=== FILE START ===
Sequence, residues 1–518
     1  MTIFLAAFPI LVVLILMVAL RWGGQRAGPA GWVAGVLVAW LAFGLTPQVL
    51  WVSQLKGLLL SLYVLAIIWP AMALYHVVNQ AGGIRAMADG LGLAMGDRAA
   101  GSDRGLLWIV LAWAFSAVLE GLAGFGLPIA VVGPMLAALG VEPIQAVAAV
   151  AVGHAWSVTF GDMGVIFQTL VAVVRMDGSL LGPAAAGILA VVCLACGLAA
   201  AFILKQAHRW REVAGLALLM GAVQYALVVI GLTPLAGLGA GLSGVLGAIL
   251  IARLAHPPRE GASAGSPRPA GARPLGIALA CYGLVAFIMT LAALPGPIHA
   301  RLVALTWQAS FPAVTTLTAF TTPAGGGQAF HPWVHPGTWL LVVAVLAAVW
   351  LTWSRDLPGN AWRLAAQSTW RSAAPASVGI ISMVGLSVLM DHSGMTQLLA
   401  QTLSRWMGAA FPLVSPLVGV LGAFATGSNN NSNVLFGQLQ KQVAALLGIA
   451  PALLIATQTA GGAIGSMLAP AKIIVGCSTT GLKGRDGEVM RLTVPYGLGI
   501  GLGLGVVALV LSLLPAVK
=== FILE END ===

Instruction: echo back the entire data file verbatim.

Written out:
Sequence, residues 1–518
     1  MTIFLAAFPI LVVLILMVAL RWGGQRAGPA GWVAGVLVAW LAFGLTPQVL
    51  WVSQLKGLLL SLYVLAIIWP AMALYHVVNQ AGGIRAMADG LGLAMGDRAA
   101  GSDRGLLWIV LAWAFSAVLE GLAGFGLPIA VVGPMLAALG VEPIQAVAAV
   151  AVGHAWSVTF GDMGVIFQTL VAVVRMDGSL LGPAAAGILA VVCLACGLAA
   201  AFILKQAHRW REVAGLALLM GAVQYALVVI GLTPLAGLGA GLSGVLGAIL
   251  IARLAHPPRE GASAGSPRPA GARPLGIALA CYGLVAFIMT LAALPGPIHA
   301  RLVALTWQAS FPAVTTLTAF TTPAGGGQAF HPWVHPGTWL LVVAVLAAVW
   351  LTWSRDLPGN AWRLAAQSTW RSAAPASVGI ISMVGLSVLM DHSGMTQLLA
   401  QTLSRWMGAA FPLVSPLVGV LGAFATGSNN NSNVLFGQLQ KQVAALLGIA
   451  PALLIATQTA GGAIGSMLAP AKIIVGCSTT GLKGRDGEVM RLTVPYGLGI
   501  GLGLGVVALV LSLLPAVK